Winner: Uruguay
Method: Penalties

Game 3: Spain vs Russia

Spain haven’t really shown any weakness going forward on the pitch, but defensively they look a shambles. Despite having two of the best central defenders in the world – Sergio Ramos and Gerard Pique – they are giving away too many chances, and conceding goals at an alarming rate.

Russia have already done better than expected, and will create chances against Spain. The problem is that they will also concede a few goals. If Russia is to have any chance of progressing in the tournament, they have to be more disciplined. All of their players need to perform their roles diligently.

I expect Spain to have too much firepower going forward. Their movement and passing will cut Russia apart. Once Spain score, Russia will push more men forward, turning this game in to a rout. However, if Russia score first, we could be looking at a potential upset.

Winner: Spain
Method: 90 minutes

Game 4: Croatia vs Denmark

What an opportunity this is for Croatia. They have managed to win the “group of death,” and it has left them on the easier side of the draw. The Croats have been clinical against their three opponents, and will now face a not-so-exciting Denmark side. This match will be won in midfield, which will definitely play into the hands of Croatia, who possess the better players.

Denmark’s only chance to progress will be by turning this game into a scrappy affair. They need to be smart, fouling when necessary and making sure the likes of Perisic, Modric and Rakitic don’t get too comfortable on the ball, while trying to muster up a chance to win the game through their star man Christian Eriksen.

Winner: Croatia
Method: 90 mins

Game 5: Brazil vs Mexico

After being taken apart by Sweden, Mexico are lucky to be in the knockout phases at all. If it wasn’t for the most unlikely of wins by South Korea over Germany, this tie could have been a repeat of the devastating semi-final from four years ago. Anyway, let’s all collectively say ‘Auf Wiedersehn’ to Germany. A smug smile is optional but appreciated. If not sure how to. Allow England Legend and broadcaster, Gary Lineker can show you.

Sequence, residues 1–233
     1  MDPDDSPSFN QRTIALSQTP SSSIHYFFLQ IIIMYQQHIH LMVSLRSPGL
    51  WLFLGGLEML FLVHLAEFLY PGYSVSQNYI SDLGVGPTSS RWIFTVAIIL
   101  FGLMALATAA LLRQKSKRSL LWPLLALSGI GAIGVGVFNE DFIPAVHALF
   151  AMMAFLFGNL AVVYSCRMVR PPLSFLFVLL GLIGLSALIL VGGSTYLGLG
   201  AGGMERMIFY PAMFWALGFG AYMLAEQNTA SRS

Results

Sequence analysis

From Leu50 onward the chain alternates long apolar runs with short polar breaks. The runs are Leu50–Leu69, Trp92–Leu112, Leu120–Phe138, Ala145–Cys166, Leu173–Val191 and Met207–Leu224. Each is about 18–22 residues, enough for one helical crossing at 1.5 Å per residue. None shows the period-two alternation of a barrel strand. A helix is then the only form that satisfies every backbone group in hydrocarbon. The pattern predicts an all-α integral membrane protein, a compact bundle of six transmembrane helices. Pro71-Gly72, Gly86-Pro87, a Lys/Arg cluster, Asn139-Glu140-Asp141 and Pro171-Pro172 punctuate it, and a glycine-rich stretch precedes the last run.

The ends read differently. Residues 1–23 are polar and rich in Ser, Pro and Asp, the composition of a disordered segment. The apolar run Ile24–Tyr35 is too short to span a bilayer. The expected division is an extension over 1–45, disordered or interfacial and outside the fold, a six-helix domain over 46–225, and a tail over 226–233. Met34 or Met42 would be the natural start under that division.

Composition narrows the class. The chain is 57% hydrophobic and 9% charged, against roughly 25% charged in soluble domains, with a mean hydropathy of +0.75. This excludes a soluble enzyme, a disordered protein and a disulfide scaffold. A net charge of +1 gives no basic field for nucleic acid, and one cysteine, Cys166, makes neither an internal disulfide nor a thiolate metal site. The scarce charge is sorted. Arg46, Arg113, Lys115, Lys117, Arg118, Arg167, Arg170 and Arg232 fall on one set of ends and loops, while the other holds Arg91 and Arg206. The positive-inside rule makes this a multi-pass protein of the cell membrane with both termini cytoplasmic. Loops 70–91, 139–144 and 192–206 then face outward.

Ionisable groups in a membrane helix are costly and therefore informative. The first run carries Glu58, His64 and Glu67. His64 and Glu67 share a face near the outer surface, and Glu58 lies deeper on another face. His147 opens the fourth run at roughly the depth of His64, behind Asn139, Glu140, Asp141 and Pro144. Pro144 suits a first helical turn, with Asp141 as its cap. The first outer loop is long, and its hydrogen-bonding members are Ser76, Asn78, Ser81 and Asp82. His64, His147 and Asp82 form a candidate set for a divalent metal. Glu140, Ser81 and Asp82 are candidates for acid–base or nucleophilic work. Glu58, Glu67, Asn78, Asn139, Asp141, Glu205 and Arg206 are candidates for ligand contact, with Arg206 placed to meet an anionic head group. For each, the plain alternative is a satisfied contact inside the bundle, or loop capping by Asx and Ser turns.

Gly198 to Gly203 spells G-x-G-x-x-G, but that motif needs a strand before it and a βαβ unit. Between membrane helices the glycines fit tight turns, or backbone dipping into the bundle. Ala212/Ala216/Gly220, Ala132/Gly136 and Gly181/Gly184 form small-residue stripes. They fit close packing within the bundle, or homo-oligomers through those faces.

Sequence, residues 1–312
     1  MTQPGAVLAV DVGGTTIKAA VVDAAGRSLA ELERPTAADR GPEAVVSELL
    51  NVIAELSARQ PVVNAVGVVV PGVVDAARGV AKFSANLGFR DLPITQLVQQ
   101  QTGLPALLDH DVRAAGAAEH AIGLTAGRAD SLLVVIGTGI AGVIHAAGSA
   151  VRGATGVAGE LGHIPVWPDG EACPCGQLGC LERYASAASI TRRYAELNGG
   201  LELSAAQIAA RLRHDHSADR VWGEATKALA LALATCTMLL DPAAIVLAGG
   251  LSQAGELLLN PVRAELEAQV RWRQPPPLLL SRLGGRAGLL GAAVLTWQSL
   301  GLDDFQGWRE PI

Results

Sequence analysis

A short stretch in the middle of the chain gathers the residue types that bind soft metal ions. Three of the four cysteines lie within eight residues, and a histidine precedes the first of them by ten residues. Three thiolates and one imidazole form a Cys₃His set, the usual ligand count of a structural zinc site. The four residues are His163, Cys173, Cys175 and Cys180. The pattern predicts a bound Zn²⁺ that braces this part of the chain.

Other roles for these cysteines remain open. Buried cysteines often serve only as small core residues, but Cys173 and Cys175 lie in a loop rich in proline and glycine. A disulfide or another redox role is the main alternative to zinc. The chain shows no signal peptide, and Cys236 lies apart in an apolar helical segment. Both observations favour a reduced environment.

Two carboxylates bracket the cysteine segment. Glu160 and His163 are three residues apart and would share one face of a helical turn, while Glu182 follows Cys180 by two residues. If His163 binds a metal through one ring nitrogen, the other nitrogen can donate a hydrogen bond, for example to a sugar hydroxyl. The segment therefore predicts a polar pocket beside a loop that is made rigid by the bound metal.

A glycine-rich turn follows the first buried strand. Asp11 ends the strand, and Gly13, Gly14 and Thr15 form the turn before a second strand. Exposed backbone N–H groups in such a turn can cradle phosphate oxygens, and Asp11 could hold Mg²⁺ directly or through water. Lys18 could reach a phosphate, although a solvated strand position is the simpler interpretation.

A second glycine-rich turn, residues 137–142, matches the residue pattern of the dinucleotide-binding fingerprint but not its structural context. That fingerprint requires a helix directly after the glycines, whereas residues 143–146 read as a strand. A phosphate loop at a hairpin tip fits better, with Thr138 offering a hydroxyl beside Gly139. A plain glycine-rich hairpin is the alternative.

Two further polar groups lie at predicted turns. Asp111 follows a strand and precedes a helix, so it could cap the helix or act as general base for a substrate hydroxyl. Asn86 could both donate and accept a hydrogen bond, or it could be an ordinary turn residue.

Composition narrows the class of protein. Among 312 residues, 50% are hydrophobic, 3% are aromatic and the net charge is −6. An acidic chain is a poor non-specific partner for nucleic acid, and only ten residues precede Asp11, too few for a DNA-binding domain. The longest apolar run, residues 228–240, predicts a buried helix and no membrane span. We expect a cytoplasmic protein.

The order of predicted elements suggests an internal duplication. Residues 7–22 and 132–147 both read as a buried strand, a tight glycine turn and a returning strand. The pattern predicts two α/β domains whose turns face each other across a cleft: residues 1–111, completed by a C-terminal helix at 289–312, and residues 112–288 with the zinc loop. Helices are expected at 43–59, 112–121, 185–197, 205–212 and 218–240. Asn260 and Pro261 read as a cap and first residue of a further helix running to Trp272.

Mexico have looked great so far, until their soft underbelly was exposed by one of the weaker teams in the tournament. Ill discipline and frantic decision-making could have cost them heavily. So, why were they so good against Germany and then South Korea, while looking amateurish against Sweden? Simple. Mexico is not a team that have the quality to chase a game. They are set up to hit teams on the counter. They opened the scoring in both of their wins, but got demolished in the game they conceded first in. Brazil will need to be aware of this and play smart football.

If Brazil score first, expect a comfortable win and a possible red card out of frustration for the hot-headed Mexican players. However, if Mexico score first, Brazil could be in for a tough afternoon. In either scenario, I don’t see Mexico winning, unless it goes to penalties, where anything could happen.

Winner: Brazil
Method: 90 mins

Game 6: Belgium vs Japan

Belgium, like many other nations, are referring to their current set of players as their “Golden Generation”. Never in the past have they had so many world-class players: Kevin De Bruyne, Romelu Lukaku, Eden Hazard, Dries Mertens, Toby Alderweireld. The list goes on and on. They have players who don’t even get playing time despite being top stars.

Looks ominous for Japan, right?

Absolutely it does.

So, what can the Japanese do to progress? Do Belgium have a weakness?

Well, many might disagree, but I think they do, in Roberto Martinez, the coach. Some Belgian fans were a little apprehensive at his appointment in the first place, and despite an excellent qualification campaign, and three wins in the group stages, there will still be people who question his tactical nous. Arguably, the greatest thing he has brought to this squad of players is a feeling of togetherness, which they were lacking at the Euros. Yet, if they were to go a goal or two down, that “team spirit” feeling could wear thin, ending in a lot of finger-pointing across the Belgian side.

Could Japan be the team to destroy Belgium’s new-found togetherness?

Very unlikely.

Yes, they beat Colombia, but only because Japan played with an extra man for 87 minutes. Even then, the Colombians were the better side, until they understandably tired in the last quarter of the match. Against Senegal, they played well, but it was Senegal’s inability to finish that allowed Japan to scrape a late and unlikely draw against the Africans. As for the game against Poland, they got outplayed, out-thought and outworked. What was most disappointing was that, while they were losing 1-0, they heard that Colombia had scored against Senegal, which was enough to put Japan through to the knockout stages. What followed was incredible, in a not-great way: Neither Poland or Japan attacked. Poland wanted the win, and Japan to progress. Clearly both teams got what they wanted. But to take that sort of risk, knowing that Senegal needed only one goal to put Japan out, was more stupid than brave. Relying on another nation to do you a favour, especially when you can go and do the job yourself, isn’t anything to brag about.

Colombia won’t be saving Japan during this match. I wonder how they will fare when they have to win by themselves. I suspect not very well.

Winner: Belgium
Method: 90 minutes

Game 7: Sweden vs Switzerland